On spending, congrats on realizing the Bush tax cut and spending plan was a mistake, even if you don't actually realize it yet. The people making that argument now were shouting down anyone who made the same argument 8 years ago.

On unemployment, you are, as I pointed out the first time, ignoring the fact that the "prediction" made in January was based on bad data (surely a physicist can understand that the solution of an initial value problem requires a correct initial value) and hid (probably deliberately) the scope of what we face in the Depression (aka Great Recession) that started a year ago. I know it isn't your graph, but by republishing it you are representing it as accurate.

** The error is that the March 09 value should be plotted on the 1Q line, and the 1Q value where the two plans match up should have been where the March 09 data point is. The resulting increase in the slope between 4Q 2008 and 1Q 2009 also changes the shape of the prediction. As a physicist, you should also notice that the data are plotted incorrectly, exaggerating the slope from March (end of 1Q) to May (late 2Q) and reducing the slope from December (end of 4Q) to March.

Blaming Obama for the success of Bush's program in late 2008 at keeping unemployment under 10% (so far) just because they "jaw boned" the business world by pretending that 9% was their worst-case expectation - well, that reflects your limited life experience. This is NOT the 1975 Nixon/Ford recession or the 1983 Reagan recession, both of which went to 10%. This is an actual depression where massive spending by Bush and now Obama has a chance to keep it in check. Success will be if unemployment turns at the 10% level (like it did in those two earlier events) rather than going to 15% or more.

As for the deficits (noted by Nathan @7), this is the first time in US history that we created MASSIVE deficits when the economy was doing "well". This makes it really hard to stimulate the economy without creating UBER-massive deficits a'la what ended the Great Depression (over 50% of GDP).

The only thing worse than what you show in your graphs is what it looks like if your salary is zero, which is the likely situation if there is no stimulus money and the budget is balanced by cutting discretionary spending (NSF and NASA) as some are now arguing on the right. Do you know what TAMU would do without that stimulus money? I know what we would do, because our college planned for that eventuality. It is not pretty.

By CCPhysicist (not verified) on 10 Jun 2009 #permalink

True, another stimulus at this point is simply foolish. Freemarket supporters or not, we can't possibly begin suggesting that another stimulus is needed until we can gauge the effects of this stimulus which probably have a while to manifest. Unless of course if we had an accurate economic model for the United States economy... in theory.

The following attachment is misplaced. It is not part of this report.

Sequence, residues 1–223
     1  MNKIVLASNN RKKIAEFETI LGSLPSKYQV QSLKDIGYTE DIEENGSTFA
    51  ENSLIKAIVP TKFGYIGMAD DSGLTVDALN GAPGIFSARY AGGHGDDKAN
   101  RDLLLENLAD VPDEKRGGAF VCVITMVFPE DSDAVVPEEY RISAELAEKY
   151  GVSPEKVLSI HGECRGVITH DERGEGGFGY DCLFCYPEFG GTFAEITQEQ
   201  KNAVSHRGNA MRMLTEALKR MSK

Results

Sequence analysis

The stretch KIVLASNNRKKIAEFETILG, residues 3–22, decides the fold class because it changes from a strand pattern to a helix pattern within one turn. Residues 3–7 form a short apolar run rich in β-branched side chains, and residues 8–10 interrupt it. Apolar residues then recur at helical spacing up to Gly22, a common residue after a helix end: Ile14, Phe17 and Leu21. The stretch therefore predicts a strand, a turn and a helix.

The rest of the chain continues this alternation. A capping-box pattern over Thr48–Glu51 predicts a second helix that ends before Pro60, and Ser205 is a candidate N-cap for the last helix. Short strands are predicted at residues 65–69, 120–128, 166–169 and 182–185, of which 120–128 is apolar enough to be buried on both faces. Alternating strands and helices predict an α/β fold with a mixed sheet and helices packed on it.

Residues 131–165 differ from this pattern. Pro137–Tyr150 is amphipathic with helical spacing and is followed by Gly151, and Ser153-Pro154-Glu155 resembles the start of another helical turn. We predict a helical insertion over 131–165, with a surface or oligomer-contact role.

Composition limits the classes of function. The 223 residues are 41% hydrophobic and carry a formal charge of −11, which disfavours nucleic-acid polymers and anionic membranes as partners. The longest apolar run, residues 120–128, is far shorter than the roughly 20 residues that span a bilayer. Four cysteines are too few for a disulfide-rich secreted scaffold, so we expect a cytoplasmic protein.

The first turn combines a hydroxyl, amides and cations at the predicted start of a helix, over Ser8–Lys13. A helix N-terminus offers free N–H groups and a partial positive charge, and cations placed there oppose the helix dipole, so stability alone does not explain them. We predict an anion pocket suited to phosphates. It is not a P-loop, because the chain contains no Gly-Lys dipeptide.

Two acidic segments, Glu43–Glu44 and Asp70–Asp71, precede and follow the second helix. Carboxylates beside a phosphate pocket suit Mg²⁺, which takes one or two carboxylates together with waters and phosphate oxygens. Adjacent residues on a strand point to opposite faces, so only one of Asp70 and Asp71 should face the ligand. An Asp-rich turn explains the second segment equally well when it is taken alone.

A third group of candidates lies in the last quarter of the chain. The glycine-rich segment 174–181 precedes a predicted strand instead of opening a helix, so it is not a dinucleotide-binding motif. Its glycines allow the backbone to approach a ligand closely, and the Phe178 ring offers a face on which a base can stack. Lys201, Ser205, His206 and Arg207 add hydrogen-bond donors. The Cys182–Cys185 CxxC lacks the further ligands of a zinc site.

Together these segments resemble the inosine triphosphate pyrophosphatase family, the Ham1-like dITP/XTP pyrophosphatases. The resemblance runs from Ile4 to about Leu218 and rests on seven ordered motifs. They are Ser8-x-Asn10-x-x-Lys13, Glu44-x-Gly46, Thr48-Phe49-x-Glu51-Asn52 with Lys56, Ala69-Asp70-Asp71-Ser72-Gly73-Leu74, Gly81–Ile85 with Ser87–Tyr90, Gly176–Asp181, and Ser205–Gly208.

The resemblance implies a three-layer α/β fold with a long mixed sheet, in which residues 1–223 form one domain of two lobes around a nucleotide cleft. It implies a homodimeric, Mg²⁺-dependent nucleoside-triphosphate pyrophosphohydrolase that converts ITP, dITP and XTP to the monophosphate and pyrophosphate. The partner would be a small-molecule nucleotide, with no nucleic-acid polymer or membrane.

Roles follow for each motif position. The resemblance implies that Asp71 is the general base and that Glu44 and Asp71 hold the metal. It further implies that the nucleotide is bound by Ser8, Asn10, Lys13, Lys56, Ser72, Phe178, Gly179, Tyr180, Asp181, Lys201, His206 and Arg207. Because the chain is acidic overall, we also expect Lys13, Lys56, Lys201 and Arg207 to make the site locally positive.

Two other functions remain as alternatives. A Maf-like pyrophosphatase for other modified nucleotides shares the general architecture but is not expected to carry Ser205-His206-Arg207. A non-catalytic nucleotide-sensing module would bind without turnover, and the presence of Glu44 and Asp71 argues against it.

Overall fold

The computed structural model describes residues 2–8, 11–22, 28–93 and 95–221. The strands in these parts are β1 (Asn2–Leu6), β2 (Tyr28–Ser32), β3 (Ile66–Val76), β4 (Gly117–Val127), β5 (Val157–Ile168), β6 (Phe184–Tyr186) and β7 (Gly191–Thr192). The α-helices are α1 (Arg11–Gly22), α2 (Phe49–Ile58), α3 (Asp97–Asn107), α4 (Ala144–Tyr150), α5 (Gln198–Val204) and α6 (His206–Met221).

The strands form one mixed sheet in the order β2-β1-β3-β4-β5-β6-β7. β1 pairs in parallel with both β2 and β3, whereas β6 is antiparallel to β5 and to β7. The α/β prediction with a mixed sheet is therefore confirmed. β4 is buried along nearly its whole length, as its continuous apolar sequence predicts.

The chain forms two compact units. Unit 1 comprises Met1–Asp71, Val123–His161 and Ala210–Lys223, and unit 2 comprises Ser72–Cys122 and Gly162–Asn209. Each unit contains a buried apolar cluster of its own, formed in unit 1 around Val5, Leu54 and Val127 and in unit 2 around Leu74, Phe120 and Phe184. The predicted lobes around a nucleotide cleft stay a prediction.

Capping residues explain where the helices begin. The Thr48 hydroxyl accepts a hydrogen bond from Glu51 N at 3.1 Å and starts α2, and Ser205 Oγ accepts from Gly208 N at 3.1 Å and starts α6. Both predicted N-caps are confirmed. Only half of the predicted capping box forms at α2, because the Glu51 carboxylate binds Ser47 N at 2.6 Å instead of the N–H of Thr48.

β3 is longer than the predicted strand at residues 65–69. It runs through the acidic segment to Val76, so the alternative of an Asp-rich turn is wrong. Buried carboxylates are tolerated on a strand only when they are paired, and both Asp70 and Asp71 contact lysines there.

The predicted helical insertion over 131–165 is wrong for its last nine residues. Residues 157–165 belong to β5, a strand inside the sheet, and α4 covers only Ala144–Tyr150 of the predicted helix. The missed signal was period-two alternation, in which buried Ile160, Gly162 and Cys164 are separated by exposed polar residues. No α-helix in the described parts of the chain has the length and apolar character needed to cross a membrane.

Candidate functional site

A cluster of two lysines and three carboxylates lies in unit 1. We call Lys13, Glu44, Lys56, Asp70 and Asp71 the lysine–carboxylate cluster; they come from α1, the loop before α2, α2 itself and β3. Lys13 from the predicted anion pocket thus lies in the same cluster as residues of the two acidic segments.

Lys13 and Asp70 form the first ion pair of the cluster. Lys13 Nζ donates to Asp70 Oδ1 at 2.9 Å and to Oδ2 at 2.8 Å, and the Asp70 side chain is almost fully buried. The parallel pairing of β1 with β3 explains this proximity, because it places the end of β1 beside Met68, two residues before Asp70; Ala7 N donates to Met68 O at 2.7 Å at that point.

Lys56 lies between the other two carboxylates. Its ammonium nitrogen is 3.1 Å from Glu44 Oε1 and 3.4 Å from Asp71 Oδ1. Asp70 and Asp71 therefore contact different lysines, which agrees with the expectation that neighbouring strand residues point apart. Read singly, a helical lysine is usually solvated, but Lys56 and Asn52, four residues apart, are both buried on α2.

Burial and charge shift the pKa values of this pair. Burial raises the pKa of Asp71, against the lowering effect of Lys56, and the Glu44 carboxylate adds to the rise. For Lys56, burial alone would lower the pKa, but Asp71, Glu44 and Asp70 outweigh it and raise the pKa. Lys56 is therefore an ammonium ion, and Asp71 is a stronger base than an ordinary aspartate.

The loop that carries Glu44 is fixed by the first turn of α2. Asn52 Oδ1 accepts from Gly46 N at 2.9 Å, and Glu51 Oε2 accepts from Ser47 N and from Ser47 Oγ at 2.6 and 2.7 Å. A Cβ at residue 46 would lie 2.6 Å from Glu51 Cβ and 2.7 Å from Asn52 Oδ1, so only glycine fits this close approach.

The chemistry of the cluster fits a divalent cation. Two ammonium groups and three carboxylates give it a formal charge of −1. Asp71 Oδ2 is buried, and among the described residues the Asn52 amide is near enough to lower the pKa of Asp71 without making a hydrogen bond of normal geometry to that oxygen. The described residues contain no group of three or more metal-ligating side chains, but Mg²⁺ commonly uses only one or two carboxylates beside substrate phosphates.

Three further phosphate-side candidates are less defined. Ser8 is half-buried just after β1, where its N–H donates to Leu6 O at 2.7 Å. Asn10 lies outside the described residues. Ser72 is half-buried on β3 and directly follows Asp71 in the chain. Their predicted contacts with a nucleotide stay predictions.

CC: My job is not sacred. While I'd be heartbroken if I had to put grad school on indefinite hold if student funding evaporated and I lost my assistantship, fundamentally it is not my money. It's the money of the citizens, and it's theirs to allocate as they think necessary through their representatives.

Granting that WWII spending helped end the depression, it also happened that debt accumulated was overwhelmed by a post-WWII economic boom with the US finding itself as the world's foremost industrial power. I don't know of anyone who thinks such a boom will follow this recession, and most debt/GDP predictions are strictly monotonic increases into the indefinite future. Everyone down to the smallest business will spend into a deficit if they believe it will result in growth and profits later - but I'm not sure I can see where enough growth or profits are going to come from to pay down the debt accumulated by the treasury.

For the first graph if you'll follow the link, the person who made the graph discusses the problem of where to put the points and in fact has graphed something along the lines of your preference as well. I prefer this one, as it more closely matches the starting point on the underlying curve.

As for taking the graph's "jaw-boning" too seriously, well, I would like to think the government isn't completely talking out of its posterior when spending more than the entire cumulative Iraq war cost. I would like to think that, anyway.

If I may tie the Feynman quote to the numbers presented here.

"If the federal government sold every star in our galaxy for \$1/ea on midnight Jan 1 then they'd run out cash at 3 am Jan 10."

(\$4T/year by 100B stars = 1/40 year = 9.125 days.)

Another way of looking at these figures is on a per capita basis. I estimate that the projected 2009 U.S. deficit is about \$4000 per person, or \$16000 for a family of four. I know it isn't perfect because a lot of the debt is internal but it gives some idea of the scale.